When Alibaba, China’s answer to eBay and Amazon, lists in New York today, it could be a make-or-break moment for Marissa Mayer, the boss of the fellow internet group Yahoo.
Alibaba’s listing is set to be the biggest ever and Yahoo plans to sell down its stake in the Chinese giant from 22.5 per cent to 16.3 per cent as part of the float, raising up to $8bn (£5bn). That should be good news, but as the investment becomes less significant, Yahoo’s US business will come under increasing scrutiny – and that could spell trouble for Ms Mayer.
It is estimated that half of Yahoo’s value comes from its Alibaba investment, with much of the remainder resting with its cash reserves and a stake in Yahoo Japan. Its core US business carries almost no premium. “It’s going to put much more pressure on the Yahoo board... because the performance is not going to be masked by what’s happening on the other side of the world,” said Ian Maude at the researcher Enders Analysis.
Since Ms Mayer arrived from Google in 2012, Yahoo shares have increased almost 180 per cent. But the rise has been chiefly been down to the increase in value of the Alibaba stake, with Mr Maude joking that Yahoo has been an “Alibaba tracker fund”.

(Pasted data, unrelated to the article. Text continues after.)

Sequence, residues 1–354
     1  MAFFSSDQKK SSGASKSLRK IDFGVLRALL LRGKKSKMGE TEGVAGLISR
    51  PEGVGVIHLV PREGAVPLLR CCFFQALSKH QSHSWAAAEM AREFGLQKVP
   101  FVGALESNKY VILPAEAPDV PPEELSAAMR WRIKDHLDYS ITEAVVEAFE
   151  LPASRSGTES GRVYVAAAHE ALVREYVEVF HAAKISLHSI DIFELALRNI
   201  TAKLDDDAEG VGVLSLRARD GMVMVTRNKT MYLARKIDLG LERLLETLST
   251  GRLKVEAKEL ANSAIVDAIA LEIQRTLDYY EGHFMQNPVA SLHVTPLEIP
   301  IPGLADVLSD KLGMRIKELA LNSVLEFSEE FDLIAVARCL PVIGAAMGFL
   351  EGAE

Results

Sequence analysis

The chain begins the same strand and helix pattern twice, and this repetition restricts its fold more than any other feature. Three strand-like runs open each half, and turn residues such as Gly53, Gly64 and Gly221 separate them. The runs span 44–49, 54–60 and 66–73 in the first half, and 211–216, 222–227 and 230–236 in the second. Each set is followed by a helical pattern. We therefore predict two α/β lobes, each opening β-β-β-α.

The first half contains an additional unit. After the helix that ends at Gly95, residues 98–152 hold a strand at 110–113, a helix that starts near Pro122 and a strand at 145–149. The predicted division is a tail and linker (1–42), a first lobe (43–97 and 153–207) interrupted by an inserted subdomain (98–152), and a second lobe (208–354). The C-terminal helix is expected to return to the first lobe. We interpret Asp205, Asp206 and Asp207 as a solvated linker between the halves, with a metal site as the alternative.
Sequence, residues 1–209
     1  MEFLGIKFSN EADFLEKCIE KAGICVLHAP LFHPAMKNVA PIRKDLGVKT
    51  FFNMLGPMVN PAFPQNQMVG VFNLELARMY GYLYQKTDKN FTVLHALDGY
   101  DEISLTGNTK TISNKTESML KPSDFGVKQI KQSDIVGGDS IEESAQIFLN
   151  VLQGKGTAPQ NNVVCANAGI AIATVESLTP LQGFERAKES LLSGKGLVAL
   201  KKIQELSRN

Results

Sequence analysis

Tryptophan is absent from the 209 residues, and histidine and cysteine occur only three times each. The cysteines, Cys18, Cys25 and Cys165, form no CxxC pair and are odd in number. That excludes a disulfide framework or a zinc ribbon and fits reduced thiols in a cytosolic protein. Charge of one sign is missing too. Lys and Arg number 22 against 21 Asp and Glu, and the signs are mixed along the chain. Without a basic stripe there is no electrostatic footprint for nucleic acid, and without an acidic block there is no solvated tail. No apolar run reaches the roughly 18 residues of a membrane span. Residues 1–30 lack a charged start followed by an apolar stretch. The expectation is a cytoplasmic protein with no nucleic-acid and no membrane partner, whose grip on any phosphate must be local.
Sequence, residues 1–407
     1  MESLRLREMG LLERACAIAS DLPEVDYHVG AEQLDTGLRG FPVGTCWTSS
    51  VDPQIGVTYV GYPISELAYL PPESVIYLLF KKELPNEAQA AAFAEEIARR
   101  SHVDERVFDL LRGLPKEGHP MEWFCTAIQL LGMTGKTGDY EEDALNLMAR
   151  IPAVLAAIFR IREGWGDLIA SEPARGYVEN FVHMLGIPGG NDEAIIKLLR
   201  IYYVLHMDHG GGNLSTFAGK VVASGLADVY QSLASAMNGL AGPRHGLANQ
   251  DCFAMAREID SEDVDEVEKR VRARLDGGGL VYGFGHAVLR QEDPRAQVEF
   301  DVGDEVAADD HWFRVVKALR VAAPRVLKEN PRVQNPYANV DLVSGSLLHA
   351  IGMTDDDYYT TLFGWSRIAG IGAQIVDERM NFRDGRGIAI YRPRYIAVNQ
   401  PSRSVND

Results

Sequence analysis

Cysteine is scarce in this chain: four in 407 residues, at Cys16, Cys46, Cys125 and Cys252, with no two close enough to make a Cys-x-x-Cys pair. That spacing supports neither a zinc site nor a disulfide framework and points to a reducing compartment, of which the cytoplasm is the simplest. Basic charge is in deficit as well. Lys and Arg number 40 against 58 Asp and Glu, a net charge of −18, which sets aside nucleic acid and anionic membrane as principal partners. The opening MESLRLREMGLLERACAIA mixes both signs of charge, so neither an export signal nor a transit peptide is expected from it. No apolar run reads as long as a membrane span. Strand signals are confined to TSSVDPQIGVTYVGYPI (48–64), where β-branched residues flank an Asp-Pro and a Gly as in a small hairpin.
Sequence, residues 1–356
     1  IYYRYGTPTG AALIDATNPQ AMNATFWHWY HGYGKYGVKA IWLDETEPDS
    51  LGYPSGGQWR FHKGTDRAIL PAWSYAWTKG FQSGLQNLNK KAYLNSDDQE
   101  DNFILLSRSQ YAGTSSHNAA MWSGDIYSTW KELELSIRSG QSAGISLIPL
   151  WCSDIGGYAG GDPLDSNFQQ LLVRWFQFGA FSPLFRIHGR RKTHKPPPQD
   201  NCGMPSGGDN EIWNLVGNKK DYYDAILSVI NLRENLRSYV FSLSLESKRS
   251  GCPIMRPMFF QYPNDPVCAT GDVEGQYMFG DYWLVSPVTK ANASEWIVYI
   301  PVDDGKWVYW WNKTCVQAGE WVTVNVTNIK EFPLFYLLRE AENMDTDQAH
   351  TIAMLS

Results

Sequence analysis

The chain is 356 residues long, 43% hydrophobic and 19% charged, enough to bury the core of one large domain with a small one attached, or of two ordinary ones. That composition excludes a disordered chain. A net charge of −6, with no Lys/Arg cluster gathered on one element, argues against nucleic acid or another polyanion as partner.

Ms Mayer has failed to reverse the trend of falling revenues, and Yahoo’s last quarterly results, in July, were her worst since taking the helm. Brett Harriss, an analyst at the New York research firm Gabelli said there was anger among investors, estimating that she has “a year” to turn things around.
As well as the poor financial performance, Ms Mayer’s management style has faced criticism. Commentators were bemused by her decision to scrap working from home, while an unflattering Vanity Fair profile suggested she had an “imperious style” of working. Employees are said to be unhappy, with some taking to an internal message board to express anger at Ms Mayer’s introduction last year of a new staff ranking system that reportedly led to up to 600 being fired.
The cumulative effect of poor performance and negative stories means the clock is ticking for Ms Mayer.
However, the Alibaba float also presents an opportunity to turn things around. “It’s a positive,” says Mr Harriss. “The first benefit is there’s a big influx of cash and the second is going to be ease of valuation for the rest of the company now.”
Yahoo has pledged to return half of the proceeds of the float to shareholders, but the remainder could be put towards deals. Last year, Ms Mayer spearheaded the takeover of Tumblr for $1.1bn, seen by many as a coup.
However, Mr Harriss said: “So far, her M&A has not been effective. When she came into the company, it was generating $1.7bn of [underlying earnings]. She spent $2bn on acquisitions and now it is going to generate $1.2bn. It seems like it’s destroyed value.”Reuse content